I know the Hamptons aren’t Greenwich

But we share the same buyer pool – really. A surprising number of Greenwich homes are occupied only on weekends and, more important, financial services industry folks buy in Greenwich and Long Island. So news that the number of sales dropped 67% out there in the first quarter is at least somewhat relevant to home sellers here. In fact, I believe the Hamptons did better than we did.

Prices Plummet

The median sales price fell 28 percent from the year earlier to $698,461, Town & Country said. The decline was largely due to fewer sales of $5 million or more.

The total value of all real estate sold in the Hamptons in the first quarter fell 78 percent to $140.2 million.

In Southampton Village, home to the most expensive property sale in 2008 at $60 million, transactions declined 85 percent in the quarter to just three houses. The total value of all homes sold in the village was $2.8 million, a 98 percent decline from the year earlier, when $166.3 million in property changed hands.

In East Hampton Village sales fell 81 percent, also to three houses. The total value of all homes sold there was $4.1 million, a 95 percent decline.

“Those are your iron-clad, been-there-for-over-a-hundred- years, been-used-by-the-Kennedys areas,” said Desiderio. “It’s the blue-chip, best-of-the-best. I would never expect that.”

Nobody expects the Spanish Inquisition.


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12 responses to “I know the Hamptons aren’t Greenwich

  1. anonymous

    Need to dissect data a bit, CF

    Aside from a shack or two, nothing sold in EHampton or Shampton in 1Q….kinda illiquid, no?

    No one “needs” a Hamptons house; pre-mid-’90s, notion of a >$5MM Hamptons house (w/perhaps 12 wkends/yr use via copter commute from Manhattan or G550 from Westchester) was foreign; in early ’90s, Wasserstein bought a ~$5MM house on Further Ln and many thought he was insane to pay so much for a wkend house….fashions change

    Greenwich (even FPC waterfront) is a hell of a lot cheaper than Manhattan’s 15 CPW and it’s primary shelter, so, if anything, Hamptons and Aspen will do worse than “frugal lifestyle” suburbs like Greenwich vs 15 CPW/E or SHampton/PalmBch/Aspen and NetJets G550s to reach all the damn houses

    • christopherfountain

      The reason I see it as relevant, anonymous, is that, just like the Hamptons, Greenwich hasn’t seen a house over $7 million sell in months. The market is non-existent. Similarly, the idea of using Greenwich houses as weekend homes is pretty dormant too. On the plus side, if Blumberg is right when he warns that NYC is going bankrupt (and I think he is) I see New York returning to the misery of the Lindsey, Beame and Dinken years, with crime out of control and punitive taxes. If so, Greenwich will look pretty good.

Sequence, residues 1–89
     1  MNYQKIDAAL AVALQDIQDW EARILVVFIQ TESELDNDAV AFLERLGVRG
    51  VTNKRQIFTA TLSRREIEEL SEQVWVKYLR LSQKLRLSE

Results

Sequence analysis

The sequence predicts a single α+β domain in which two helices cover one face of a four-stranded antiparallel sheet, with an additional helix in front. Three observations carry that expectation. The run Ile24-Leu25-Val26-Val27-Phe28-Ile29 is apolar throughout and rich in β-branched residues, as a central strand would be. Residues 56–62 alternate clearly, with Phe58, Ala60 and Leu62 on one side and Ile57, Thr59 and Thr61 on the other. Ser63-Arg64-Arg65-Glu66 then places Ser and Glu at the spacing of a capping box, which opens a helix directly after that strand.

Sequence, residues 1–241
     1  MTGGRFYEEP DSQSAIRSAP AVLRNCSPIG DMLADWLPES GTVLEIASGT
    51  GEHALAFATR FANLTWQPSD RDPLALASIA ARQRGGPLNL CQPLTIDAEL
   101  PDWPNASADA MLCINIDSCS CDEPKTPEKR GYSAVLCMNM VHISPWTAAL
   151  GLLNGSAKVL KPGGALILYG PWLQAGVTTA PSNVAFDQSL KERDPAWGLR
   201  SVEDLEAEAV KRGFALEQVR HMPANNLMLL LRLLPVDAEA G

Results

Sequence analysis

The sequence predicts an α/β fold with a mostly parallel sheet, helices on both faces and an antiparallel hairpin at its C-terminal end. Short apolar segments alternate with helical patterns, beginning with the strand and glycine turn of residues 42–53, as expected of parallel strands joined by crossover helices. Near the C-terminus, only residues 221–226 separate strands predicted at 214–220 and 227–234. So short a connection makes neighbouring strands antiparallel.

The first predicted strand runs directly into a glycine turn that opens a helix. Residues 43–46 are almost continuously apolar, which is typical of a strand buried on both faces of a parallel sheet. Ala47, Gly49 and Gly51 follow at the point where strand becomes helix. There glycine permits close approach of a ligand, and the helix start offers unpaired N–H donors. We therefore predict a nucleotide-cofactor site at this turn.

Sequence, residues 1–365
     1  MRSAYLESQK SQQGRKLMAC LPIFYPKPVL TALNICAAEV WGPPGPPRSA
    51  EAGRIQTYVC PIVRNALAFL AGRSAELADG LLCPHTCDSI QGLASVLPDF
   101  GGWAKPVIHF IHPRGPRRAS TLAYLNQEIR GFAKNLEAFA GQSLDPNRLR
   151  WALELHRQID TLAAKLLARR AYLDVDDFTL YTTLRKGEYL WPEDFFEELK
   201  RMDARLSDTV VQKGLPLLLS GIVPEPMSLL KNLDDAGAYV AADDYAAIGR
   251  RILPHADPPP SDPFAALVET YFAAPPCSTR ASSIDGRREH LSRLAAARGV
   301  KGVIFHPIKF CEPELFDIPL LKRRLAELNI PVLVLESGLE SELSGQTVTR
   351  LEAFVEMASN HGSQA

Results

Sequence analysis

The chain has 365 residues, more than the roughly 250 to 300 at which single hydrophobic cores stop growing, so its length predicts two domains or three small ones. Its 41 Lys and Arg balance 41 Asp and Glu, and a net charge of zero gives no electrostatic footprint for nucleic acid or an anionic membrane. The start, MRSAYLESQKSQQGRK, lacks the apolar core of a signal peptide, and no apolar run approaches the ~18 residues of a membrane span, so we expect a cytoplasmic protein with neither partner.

2. Walt

    I am looking forward to a summer in the Hampton’s. It never get’s old. Here is a pic I took recently. Recognize them?
    Tea is hawt, but she is no Bar what’s her name. That is for sure. We hung out and had some laughs. I told her about my “Mr. Noel Takes a Vacation” treatment and she wants in!!! But that part is Bars. But I did ask Tea for Bars number and I think she may deliver.
    And can you belive Duchovney stuck me with the tab? What a putz. But he did commit to invest in FGG’s new fund. What a schmuck!!!
    OFF TO WORM!!!
    Your Pal,

  3. WaitingToBuy

    Interestingly enough, the $60mm Hampton sale (which is the largest price ever paid) was made by a Greenwich hedge fund manager.

  4. SizeBuyer

    CF and anyone else who thinks Greenwich will benefit from NYC collapse,

    Greenwich benefits only if potential buyers have nothing to sell, correct?

    This notion of Greenwich or anyone town benefiting from a NYC collapse is only possible if you have nothing to sell and you just pick up and move here. However, I don’t think that is even close to the reality of the situation for most.

    • christopherfountain

      Sizebuyer, I base my belief that Greenwich will benefit from NYC’s collapse from talking and working with buyers from that fair city. They all have preperty there yet are still ready to get out before the city falls apart. Admittedly, these are people with enough wealth to buy Greenwich property regardless of when they sell their NYC co-ops, or for how much, but hey are quite real. There may be lots of people who will be trapped in the city, unable to move – we need only a few hundred (or less) to make a dent in our inventory.

  5. SizeBuyer

    That maybe true but I don’t think there are enough to offset the inventory for Greenwich or any other metropolitan suburb. It’s a handful at best.

    I have no data to back that up though

  6. SizeBuyer

    great article…politicians are on cloud 9 (not just NYS politicians)

    the arrogance is apauling (spelling? too lazy to look up it’s saturday).


  7. PVL

    The lakeside chateau in New Canaan that failed to sell by auction a few months ago–and posted a couple of items about– seems to have sold for $5.5M. That’s a 20,000 square foot main house with a lake, separate staff house and over six acres of property in a prime estate area.

    If it was an arms length transaction, it means that the buyer paid zero for the land and only $275 per square foot for the structure. No way you can reproduce the structure for $275 psf.

    What does that tell us about high end real estate in Fairfield County?

    Look out below.

  8. Walt

    It’s “appalling”. But don’t worry about it. S.I.H!!!
    Off to DINNER!!!!
    Your Pal,

  9. SizeBuyer


    Thanks Pal!!!

    S.I.H.??? (Staten Island Hospital)?

    How was dinner?